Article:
Earthshine is just one more little treat that God gives us periodically to show us His handiwork. Any fool should recognize it as such (Romans 1:20,) but to those living merely under the Sun (Ecclesiastes 1) it is just so much ho-hum astronomy. Only those living “in the Son,” united by faith in the Lord Jesus Christ, can truly appreciate the reflected light of the Moon as a picture of God’s glory reflected in His created cosmos.

Thursday, January 26, 2006

Long time no blog--now let's hit the books!

I suppose the whole Intelligent Design thing dogged my brain to such an extent that I was incapable of intelligently designing a blog entry for several weeks. So I let the gray matter relax by allowing it to recreate in the less taxing task of reorganizing my library, now that my new bookcases have arrived.

For some time now my library has taken the form of stacks, not in the public library sense of the word, but in the sense of piles—piles in corners, piles under tables, piles in trunks and cartons. So now was the time to un-stack all my wonderful volumes and give them not only breathing room (some have become very musty) but also some sense of organization and dignity.

So up on the shelves they go. What could be easier and quicker?

Not so fast! Am I going to allow the vertical piles to become mere horizontal piles, a heterogeneous olio of randomness? Doing so would make the library little more useful than when it was “stacked.” So how to arrange the volumes? Surely I can’t be expected to put little stickers on the spines with Dewey Decimal System numbers—or Library of Congress designations! And the Soviet system of grouping books by size, while practical for utilization of shelf space, would hardly be useful for my purposes. So let’s just group the books by general subject matter and see what happens.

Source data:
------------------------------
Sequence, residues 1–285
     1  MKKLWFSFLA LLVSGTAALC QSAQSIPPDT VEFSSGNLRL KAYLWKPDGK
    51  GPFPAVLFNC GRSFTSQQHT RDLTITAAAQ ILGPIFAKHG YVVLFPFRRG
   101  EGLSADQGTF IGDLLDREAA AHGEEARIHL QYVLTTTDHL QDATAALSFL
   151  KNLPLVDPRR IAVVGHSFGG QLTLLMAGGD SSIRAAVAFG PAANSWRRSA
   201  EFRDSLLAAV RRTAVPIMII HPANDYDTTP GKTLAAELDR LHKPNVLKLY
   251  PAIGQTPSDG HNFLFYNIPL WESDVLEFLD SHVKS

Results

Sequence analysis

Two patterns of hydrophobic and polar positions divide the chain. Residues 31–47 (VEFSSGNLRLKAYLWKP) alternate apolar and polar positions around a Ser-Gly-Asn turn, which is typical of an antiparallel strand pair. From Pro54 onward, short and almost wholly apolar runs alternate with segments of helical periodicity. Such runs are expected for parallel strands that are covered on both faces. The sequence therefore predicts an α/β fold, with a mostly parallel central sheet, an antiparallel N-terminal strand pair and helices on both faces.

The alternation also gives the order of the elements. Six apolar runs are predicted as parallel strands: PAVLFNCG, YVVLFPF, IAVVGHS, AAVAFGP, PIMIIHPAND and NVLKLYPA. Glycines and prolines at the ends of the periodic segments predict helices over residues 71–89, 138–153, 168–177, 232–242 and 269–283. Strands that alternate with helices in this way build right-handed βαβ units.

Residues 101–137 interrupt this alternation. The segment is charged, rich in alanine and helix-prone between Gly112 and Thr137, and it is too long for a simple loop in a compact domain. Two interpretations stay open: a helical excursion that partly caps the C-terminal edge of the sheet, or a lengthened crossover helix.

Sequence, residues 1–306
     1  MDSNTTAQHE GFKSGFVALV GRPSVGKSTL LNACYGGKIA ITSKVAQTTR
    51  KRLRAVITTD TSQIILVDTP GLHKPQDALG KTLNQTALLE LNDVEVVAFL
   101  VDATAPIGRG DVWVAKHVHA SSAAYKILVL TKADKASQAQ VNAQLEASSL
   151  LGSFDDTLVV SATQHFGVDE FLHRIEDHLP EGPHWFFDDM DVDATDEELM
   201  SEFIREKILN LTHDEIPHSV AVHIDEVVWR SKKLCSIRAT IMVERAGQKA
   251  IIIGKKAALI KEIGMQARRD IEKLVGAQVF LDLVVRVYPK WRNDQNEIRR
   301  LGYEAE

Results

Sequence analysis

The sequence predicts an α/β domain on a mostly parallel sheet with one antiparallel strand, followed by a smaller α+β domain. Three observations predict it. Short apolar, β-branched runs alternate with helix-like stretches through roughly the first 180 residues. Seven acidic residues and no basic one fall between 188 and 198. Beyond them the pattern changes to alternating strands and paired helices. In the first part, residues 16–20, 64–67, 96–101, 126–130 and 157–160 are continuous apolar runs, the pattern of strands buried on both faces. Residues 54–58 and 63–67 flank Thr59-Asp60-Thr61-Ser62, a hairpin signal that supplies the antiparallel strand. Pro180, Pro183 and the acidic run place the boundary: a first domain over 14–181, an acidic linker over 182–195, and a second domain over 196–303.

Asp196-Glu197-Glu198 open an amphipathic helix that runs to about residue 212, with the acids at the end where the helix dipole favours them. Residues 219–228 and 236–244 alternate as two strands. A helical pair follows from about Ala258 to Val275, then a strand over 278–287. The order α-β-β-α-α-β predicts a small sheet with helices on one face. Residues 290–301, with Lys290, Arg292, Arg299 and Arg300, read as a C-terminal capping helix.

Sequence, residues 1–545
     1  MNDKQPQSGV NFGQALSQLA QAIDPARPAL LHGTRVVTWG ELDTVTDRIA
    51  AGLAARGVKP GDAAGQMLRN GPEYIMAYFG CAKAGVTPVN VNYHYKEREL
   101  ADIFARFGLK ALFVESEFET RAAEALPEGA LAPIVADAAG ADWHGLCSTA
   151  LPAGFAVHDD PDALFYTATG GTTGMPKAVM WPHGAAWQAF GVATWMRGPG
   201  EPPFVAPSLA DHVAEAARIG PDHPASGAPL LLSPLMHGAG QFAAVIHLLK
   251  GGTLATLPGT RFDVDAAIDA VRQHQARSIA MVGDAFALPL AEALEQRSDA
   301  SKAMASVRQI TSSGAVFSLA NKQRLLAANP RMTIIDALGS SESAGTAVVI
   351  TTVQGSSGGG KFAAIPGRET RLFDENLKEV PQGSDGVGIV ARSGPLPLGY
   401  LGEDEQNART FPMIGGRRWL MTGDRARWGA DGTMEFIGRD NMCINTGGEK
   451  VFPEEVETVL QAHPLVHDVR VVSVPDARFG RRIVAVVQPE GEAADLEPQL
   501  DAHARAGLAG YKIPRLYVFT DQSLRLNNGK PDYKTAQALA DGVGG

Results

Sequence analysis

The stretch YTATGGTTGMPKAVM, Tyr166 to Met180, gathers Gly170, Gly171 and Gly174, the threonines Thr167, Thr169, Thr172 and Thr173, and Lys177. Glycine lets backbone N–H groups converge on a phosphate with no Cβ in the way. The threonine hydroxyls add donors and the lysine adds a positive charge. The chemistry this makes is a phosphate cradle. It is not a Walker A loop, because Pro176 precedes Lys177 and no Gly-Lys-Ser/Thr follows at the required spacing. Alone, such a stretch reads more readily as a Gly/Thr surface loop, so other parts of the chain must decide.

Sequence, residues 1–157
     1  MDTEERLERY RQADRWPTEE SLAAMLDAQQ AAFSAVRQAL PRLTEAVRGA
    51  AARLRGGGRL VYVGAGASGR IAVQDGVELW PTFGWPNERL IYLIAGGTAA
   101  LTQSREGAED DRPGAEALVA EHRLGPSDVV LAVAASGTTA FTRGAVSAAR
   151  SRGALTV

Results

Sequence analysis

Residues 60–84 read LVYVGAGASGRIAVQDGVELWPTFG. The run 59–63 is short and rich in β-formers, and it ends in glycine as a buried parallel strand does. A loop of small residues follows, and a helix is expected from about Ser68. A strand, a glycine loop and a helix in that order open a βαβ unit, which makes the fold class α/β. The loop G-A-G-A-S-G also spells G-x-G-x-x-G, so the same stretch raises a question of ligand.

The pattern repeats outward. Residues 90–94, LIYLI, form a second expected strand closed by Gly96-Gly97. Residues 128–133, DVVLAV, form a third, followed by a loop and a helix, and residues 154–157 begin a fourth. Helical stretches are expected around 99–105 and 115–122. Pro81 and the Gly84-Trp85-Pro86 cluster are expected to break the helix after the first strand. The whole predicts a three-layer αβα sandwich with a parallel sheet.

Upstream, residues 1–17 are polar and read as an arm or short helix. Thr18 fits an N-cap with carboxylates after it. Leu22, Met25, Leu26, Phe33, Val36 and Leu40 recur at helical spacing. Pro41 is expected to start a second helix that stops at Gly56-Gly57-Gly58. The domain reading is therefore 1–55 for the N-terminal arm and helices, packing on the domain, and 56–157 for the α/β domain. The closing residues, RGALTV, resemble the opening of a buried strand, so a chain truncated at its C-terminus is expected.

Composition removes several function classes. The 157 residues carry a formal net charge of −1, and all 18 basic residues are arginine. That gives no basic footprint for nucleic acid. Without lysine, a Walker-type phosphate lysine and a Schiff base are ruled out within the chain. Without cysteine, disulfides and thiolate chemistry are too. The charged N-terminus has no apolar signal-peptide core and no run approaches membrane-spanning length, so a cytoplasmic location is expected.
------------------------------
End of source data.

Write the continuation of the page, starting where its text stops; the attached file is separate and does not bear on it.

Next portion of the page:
It is several days later, and I can report that the literary taxonomy job wasn’t too difficult. The books fell into rather natural categories, including:

*Pure Theology—Bibles, reference, book studies, apologetics, church history, prophecy, devotional.
*Pure Science—biology, ecology, physical sciences, medicine, evolution (is this “pure” science?).
*Science, Creation, ID, and Religion—with books on every side of the issue.
*History and Politics.
*Fiction (a very small section—I prefer “verity”).
*Writing and reference
*Autographed books—several by James R. White; several by my former students.
*Books by favorite authors—Francis Schaeffer, Henry Morris, R. C. Sproul, etc.
*Ramsey High School Yearbooks (43!).
*And, of course, “Miscellaneous” (a surprisingly small category).

Several days later? That job should have taken but a few hours! But who can resist becoming reacquainted with old friends. With some books, it took only seconds or minutes to remind myself of their contents and value, but with a few, a glance and skim didn’t satisfy—I had to dig into whole chapters! Books as diverse in philosophy and content as “Consilience” by E. O. Wilson, “Gaia” by J. E. Lovelock, “Future Grace” by John Piper and “Gleanings From the Scriptures” by A. W. Pink all sucked me in and engaged me for a day or two each. Time flies like an arrow (fruit flies like a banana.)

And so it goes. Maybe some book reports will follow. But for now, it’s back to my librarian’s role. Now, under what category should I put “The ACLU vs. America?”